Although, fortunately, we seldom encounter flammability issues in cleaning, it’s a good idea to be familiar with some of the terms like Upper and Lower Flammability and Explosive Limits for the sake of safety.
In the preceding blog, it was explained that three things were needed to produce a fire – Fuel, Oxidizer, and a Source of Ignition. In fact, it is a little more complicated than that. We all know, for example, that just because we can smell gas in our home from a small leak or a pilot light that has gone out doesn’t mean that the house is going up in flames imminently. It’s a good WARNING that there is something wrong that needs to be corrected and that shutting off the gas as soon as possible would be a very good idea. If, on the other hand, the leak is major, there is a good chance that the potential for fire exists at least in the immediate vicinity of the leak. Most humans can detect the smell of natural gas at concentration levels of just a few parts per billion.
Interesting Note – Natural Gas is really methane and has no smell. Before the gas enters the pipeline, a chemical, mercaptan, is added by the gas company to give the gas its smell for safety reasons.
A mixture of a few parts per billion of natural gas in air, although it has a detectable odor, will not ignite. The ratio of gas to air that will burn is bracketed by the Lower Flammability Limit (LFL) and the Upper Flammability Limit (UFL). These terms are commonly used interchangeably with the terms Lower Explosive Limit (LEL) and Upper Explosive Limit (UEL). There may be some technical differences but for all practical purposes a flame is an explosion if the ratio of fuel to oxidizer is within the proper range and a source of ignition is present. It’s a little like the story of the Three Little Bears – too much, too little and just right.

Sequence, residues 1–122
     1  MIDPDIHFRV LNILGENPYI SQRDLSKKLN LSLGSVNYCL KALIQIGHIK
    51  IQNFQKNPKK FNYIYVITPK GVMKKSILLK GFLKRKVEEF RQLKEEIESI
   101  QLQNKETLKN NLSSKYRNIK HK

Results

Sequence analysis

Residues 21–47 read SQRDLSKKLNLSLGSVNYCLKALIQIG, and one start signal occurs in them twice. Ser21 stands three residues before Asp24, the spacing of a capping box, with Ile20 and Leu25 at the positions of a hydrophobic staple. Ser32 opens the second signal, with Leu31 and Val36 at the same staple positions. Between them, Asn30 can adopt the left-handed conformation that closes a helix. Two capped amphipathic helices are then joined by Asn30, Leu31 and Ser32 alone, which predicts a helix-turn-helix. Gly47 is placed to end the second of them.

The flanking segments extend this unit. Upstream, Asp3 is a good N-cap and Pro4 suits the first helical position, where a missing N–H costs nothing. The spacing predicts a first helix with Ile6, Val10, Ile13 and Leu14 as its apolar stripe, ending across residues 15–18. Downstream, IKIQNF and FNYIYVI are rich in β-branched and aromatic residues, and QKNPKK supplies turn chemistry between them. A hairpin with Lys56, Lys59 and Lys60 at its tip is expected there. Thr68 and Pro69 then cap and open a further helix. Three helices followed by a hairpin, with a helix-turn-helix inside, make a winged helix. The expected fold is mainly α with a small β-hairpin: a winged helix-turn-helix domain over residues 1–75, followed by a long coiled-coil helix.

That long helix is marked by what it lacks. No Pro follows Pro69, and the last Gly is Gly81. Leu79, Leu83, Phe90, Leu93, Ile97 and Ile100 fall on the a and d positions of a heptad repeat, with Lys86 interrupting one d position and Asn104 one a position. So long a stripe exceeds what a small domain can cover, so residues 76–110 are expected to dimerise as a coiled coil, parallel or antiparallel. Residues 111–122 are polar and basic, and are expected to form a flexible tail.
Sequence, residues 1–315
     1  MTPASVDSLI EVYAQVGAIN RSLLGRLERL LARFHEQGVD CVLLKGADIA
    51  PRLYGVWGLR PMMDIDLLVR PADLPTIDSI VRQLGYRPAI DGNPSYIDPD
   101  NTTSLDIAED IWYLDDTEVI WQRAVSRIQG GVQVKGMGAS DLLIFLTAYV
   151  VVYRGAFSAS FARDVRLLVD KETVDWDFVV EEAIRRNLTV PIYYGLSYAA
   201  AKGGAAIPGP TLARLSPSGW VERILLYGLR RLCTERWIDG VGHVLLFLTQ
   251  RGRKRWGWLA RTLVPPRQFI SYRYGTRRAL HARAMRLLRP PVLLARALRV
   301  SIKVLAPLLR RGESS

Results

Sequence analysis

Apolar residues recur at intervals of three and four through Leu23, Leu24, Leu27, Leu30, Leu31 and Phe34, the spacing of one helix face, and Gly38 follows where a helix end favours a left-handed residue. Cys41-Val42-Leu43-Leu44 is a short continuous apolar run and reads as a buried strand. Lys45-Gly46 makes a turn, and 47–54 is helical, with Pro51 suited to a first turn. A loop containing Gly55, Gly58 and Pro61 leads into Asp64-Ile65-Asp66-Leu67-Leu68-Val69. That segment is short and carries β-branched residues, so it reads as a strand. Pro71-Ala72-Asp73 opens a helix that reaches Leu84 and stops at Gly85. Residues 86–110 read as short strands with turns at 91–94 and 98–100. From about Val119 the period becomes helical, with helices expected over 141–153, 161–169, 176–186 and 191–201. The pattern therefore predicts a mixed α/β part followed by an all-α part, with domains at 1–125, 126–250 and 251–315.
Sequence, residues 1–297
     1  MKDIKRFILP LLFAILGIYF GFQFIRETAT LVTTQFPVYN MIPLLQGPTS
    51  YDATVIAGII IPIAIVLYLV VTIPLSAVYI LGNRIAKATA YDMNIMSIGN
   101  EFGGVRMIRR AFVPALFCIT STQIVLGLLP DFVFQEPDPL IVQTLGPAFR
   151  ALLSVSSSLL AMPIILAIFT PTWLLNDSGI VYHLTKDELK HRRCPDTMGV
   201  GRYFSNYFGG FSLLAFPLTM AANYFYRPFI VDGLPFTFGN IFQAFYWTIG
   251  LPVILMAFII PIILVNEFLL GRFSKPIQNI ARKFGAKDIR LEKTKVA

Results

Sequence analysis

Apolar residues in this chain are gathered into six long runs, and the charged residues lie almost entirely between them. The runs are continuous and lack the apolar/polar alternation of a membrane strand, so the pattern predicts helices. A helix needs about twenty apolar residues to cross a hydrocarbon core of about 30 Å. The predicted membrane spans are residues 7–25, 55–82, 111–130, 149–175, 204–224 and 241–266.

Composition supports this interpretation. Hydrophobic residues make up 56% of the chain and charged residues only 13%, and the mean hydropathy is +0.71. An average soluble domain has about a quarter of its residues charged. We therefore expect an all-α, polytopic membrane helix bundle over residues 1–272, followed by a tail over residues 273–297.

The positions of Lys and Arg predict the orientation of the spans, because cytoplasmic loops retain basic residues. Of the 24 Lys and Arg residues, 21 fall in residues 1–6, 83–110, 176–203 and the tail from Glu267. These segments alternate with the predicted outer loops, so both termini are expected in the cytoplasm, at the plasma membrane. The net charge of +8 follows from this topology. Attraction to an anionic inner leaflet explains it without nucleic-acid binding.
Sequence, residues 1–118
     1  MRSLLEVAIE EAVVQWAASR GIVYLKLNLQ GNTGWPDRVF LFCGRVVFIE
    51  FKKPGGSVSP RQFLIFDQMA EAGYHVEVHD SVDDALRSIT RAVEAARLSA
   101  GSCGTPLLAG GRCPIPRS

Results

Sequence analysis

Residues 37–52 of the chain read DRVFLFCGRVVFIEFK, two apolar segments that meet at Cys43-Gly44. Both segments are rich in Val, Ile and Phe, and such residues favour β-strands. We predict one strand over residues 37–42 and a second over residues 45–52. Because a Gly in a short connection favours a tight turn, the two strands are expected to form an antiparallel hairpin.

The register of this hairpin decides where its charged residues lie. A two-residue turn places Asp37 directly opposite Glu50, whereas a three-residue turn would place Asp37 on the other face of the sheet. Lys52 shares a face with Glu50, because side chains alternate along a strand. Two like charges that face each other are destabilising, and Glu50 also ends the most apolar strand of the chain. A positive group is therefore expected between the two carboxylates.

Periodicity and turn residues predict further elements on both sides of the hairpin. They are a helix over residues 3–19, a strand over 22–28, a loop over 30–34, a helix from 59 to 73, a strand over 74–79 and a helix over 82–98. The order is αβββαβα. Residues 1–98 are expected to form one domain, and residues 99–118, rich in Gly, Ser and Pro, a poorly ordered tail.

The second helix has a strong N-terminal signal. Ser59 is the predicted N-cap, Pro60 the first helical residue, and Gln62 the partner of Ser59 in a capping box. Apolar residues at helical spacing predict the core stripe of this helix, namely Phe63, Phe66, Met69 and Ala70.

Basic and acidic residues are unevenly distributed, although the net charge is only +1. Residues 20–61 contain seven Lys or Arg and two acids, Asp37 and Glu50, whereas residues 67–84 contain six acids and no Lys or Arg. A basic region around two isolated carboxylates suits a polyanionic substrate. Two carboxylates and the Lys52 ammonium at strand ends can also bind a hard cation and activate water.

Although the terms LFL and UFL usually apply to a gas, there are some cases in which a suspended solid in a powdered form (flour is one example) or an atomized liquid (gasoline, for example) may also exhibit lower and upper flammability limits when disbursed in air. The ratio of fuel to air that will support combustion is different for different materials. Charts giving the limits for a wide range of materials are readily available.
In the case of atomized liquids and suspended powders, the LFL and UFL may, in part, be influenced by temperature as well as concentration. As discussed in the preceding blog, most solids and liquids must go through the transformation to a gas before a flame will occur due to the introduction of an ignition source. This is exactly why early internal combustion engines (and even today many small engines with carburetors) incorporated a “choke” to provide a richer mixture of fuel to air to begin operation when the engine was cold. More fuel was required to produce sufficient vapor to mix with the available air to produce a combustible mixture of vapor and air. The excess fuel that was not vaporized and burned exited the exhaust. Once the engine had heated up, the engine heat, of course, increased the rate of vaporization of the atomized liquid. This reduced the ratio of raw fuel to air that was required for combustion. The ratio was reduced by turning the “choke” off. Without a choke, these engines either won’t start (especially in cold weather) or will consume excess fuel. In extreme cases, the vapor to air ratio may exceed the UFL or UEL and the engine won’t run because the mixture is too rich.
– FJF –